I also love the term ‘nose-painting’ to describe the characteristic bulbous bloodshot results of excessive consumption. An nice old boy named Davey used to drink in the Corner House in Llwydcoed when I first moved there in 1986. (He’s probably long gone now.) One night my friend Baz asked me why Davey looked like someone had glued a large over-ripe raspberry to his face. When I told him, he nearly gave up drinking on the spot.
There’s a very different sort of nose-painting going on across the UK even as I type. It’s the night of the BBC charity telethon Comic Relief (or, as it’s more commonly known, Red Nose Day). It’s nearly thirty years since this biennial guilt-fest first burst onto our TV screens, encouraging us all to ‘Do something funny for money.’
The brainchild of erstwhile comedian Lenny Henry and scriptwriter Richard Curtis, Comic Relief was launched on Xmas Day 1985. It was the height of the mass organised charity drives which arose in the wake of Band Aid and Live Aid. As an initiative to raise money for deprived children in the UK and Africa, it was a laudable scheme in principle. The reality was somewhat different, of course.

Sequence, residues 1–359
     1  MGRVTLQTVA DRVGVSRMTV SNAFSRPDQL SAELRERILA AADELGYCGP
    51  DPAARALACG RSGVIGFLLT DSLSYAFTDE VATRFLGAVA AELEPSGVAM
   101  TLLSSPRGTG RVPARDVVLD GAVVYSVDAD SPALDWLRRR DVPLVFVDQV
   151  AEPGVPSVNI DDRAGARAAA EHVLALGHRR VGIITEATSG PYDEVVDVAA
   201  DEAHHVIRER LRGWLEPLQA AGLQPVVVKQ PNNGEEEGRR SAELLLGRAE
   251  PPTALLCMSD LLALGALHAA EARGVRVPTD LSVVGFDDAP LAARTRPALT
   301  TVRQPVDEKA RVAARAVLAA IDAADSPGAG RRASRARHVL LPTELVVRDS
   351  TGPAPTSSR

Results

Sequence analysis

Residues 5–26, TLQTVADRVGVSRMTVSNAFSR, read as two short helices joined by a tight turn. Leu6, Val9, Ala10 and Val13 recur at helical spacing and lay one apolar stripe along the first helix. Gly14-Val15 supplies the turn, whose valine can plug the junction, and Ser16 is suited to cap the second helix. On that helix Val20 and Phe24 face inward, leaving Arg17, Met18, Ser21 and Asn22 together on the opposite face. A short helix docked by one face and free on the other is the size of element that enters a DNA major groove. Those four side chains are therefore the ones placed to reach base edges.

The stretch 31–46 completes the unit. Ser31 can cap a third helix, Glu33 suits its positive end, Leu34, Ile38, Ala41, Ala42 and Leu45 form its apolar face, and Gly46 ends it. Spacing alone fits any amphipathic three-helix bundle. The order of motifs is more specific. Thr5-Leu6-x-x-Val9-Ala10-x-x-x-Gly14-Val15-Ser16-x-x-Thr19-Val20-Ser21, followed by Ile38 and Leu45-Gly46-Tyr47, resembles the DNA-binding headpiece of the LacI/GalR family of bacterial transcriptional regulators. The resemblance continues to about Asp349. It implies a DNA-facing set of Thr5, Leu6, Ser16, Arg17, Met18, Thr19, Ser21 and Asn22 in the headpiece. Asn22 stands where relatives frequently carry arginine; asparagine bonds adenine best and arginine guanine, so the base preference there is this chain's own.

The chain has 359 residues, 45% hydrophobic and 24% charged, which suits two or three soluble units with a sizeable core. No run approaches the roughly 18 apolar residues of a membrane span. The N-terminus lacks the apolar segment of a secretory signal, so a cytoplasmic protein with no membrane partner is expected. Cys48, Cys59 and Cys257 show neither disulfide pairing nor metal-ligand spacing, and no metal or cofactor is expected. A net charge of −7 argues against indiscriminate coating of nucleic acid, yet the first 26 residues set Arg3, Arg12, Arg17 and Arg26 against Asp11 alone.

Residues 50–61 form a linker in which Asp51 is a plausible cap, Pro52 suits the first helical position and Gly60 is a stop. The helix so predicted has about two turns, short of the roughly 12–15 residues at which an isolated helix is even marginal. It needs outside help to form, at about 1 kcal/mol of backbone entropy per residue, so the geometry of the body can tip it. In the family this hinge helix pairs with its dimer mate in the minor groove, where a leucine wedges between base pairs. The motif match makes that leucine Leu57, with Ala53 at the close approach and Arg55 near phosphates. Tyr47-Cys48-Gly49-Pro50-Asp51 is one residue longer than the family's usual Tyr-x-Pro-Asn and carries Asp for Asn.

Comedians approaching their use-by dates were shipped out to Africa to make films of starving children. Others were dispatched to Byker, Moss Side, Toxteth or Ely (in Cardiff) to report on initiatives to engage the youth of these blighted areas. There were some positive outcomes, of course, like funding for Aberdare’s very own Chequers Centre (which closed its doors a couple of years ago). Meanwhile, actors and musicians were roped in to make embarrassing sketches, in a pale imitation of the old Morecambe & Wise ‘plays what I wrote’. The resulting footage was broadcast on BBC1 from 7.00 p.m. until long after the kids’ bedtimes.
In shopping centres up and down the land, people sat in baths of baked beans, donned fancy dress and waved collecting buckets, phoned the BBC to donate money via their credit cards, and (most importantly) wore plastic red noses to show their solidarity. There were some decent moments, most notably Steven Moffat’s first foray into writing Doctor Who: ‘The Curse of Fatal Death.’